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Experiences teaching visually impaired

Discussion in 'Special educational needs' started by Happyregardless, Sep 30, 2017.

  1. Happyregardless

    Happyregardless New commenter

    I would be interested in gathering ideas and experiences about teaching the visually impaired either in mainstreams of other settings.

    What works what doesn't with various individuals?
    How has RNIB contact and/or resources helped in any way?
    Have any other sight charities/local authorities helped in a practical sense?
    What training do you feel you need as a teacher to adapt to these students needs?

    I'm not an 'official' person for any particular company or charity - this is not corporate reseatch - just another teacher - an individual affected by sight loss herself ( now restored by surgery but not sure for how long and questions about the future etc) and my own personal experience created quite considerable will/drive to attempt to change things for the better, or at least question how society adapts or fails to - as the emphasis seems to be on the individual to adapt and not the other way around. as there seems very little practical support out there.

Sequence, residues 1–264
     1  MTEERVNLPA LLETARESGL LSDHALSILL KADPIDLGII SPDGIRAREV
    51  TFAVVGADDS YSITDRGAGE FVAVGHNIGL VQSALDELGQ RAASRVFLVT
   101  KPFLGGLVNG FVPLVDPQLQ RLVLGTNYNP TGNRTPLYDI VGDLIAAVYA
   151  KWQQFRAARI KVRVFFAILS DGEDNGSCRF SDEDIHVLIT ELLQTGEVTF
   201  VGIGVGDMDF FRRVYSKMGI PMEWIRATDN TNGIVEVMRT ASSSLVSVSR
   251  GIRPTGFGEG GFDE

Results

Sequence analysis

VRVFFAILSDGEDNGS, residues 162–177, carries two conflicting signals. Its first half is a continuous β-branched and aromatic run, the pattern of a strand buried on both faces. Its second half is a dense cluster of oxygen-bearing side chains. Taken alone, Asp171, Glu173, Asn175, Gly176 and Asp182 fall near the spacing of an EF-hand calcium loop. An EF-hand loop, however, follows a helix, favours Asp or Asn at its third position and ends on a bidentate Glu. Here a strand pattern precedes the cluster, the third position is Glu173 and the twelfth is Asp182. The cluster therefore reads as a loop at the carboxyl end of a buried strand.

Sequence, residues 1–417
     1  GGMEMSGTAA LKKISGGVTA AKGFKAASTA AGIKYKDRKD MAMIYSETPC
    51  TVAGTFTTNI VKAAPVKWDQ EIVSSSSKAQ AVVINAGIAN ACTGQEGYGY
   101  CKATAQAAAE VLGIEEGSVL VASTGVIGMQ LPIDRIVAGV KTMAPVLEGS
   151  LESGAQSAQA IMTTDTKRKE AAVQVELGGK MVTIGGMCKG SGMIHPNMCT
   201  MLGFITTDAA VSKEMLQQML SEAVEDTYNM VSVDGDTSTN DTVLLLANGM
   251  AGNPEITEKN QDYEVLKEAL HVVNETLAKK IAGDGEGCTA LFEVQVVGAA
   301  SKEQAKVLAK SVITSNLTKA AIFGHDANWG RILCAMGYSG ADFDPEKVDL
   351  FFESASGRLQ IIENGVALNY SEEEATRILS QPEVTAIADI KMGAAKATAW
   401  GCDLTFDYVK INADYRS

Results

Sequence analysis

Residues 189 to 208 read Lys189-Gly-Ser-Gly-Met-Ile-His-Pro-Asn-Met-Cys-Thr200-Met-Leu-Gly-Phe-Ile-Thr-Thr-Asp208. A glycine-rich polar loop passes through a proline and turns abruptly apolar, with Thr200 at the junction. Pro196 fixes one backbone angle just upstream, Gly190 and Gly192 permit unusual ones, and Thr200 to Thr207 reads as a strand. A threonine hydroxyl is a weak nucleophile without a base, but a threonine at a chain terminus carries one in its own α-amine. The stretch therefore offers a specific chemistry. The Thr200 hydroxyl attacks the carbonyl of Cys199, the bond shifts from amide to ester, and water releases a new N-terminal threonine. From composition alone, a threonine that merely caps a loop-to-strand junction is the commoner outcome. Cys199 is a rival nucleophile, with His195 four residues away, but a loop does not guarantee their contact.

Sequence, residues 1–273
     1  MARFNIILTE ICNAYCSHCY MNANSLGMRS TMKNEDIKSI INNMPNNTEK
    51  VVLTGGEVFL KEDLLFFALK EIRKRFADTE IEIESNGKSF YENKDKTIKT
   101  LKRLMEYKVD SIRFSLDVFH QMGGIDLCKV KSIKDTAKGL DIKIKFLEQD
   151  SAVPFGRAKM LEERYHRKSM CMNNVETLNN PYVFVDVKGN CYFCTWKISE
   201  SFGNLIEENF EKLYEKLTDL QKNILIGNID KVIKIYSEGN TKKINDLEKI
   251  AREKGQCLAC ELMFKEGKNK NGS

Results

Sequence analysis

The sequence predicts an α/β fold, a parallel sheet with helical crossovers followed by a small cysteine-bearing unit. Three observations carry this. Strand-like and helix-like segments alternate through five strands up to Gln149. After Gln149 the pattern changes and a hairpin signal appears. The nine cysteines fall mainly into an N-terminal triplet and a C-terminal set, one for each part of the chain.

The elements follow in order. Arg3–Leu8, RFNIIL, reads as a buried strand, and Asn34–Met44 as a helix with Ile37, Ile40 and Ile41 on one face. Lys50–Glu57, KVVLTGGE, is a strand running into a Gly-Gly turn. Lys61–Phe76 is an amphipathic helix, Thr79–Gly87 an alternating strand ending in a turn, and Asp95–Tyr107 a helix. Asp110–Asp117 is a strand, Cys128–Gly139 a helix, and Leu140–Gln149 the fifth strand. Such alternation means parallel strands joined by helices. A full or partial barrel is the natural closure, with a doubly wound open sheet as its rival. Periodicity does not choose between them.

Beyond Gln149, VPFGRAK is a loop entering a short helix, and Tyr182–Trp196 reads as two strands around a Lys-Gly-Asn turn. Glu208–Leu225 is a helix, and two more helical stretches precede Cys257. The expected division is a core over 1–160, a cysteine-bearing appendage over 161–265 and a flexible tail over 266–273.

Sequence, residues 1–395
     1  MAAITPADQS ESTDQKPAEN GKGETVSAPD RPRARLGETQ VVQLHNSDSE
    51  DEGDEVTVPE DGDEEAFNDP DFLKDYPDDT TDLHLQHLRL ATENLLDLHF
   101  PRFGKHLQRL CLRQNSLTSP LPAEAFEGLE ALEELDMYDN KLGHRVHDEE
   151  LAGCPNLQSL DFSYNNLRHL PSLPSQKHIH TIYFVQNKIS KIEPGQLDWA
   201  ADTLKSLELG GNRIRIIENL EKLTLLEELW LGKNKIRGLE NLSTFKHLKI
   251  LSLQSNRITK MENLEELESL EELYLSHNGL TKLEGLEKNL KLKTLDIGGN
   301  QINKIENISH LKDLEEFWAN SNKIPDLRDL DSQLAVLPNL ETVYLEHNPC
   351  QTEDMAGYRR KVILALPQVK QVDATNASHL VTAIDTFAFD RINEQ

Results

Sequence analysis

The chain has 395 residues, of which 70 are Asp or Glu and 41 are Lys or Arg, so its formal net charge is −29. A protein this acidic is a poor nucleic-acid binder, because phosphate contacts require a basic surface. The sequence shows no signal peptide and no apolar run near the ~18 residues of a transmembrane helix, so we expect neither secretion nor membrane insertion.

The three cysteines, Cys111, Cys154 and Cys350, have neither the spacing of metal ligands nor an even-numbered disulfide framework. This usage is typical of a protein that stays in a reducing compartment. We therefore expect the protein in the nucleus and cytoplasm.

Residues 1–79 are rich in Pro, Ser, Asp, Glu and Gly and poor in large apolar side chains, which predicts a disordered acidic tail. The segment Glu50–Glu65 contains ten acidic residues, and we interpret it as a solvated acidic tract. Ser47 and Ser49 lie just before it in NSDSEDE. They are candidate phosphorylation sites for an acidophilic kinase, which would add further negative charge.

2. minnie me

    minnie me Lead commenter

    Yes two students from memory in mainstream - Stargarts ( sp ? ) and Nystagmus ( sp ? ) . Both received support / guidance from the LA specialists on a when / where required basis but much of the provision was handled in house - we were very proactive with meetings / staff training / materials/ paper work / access arrangements / hidden curriculum. There was a suggestion that the student with juvenile macular degeneration would benefit from a move to a VI base but she refused and later the paraprofessionals congratulated us on how she had succeeded in our setting. I think we dedicated a TA to her for a while initially ? but she was very independent and wanted to roll with her friends who knew her / her needs best anyway ! She participated in a skiing trip with an additional adult . The other student 's needs were less complex. The key was in the transition ( Y6 - Y7 ) and in its execution and ensuring that staff were consistent and clued up.
     
  3. snowflakesfalling

    snowflakesfalling Occasional commenter

    Each LA should have a VI support service that helps the children and the teachers and support staff.
     

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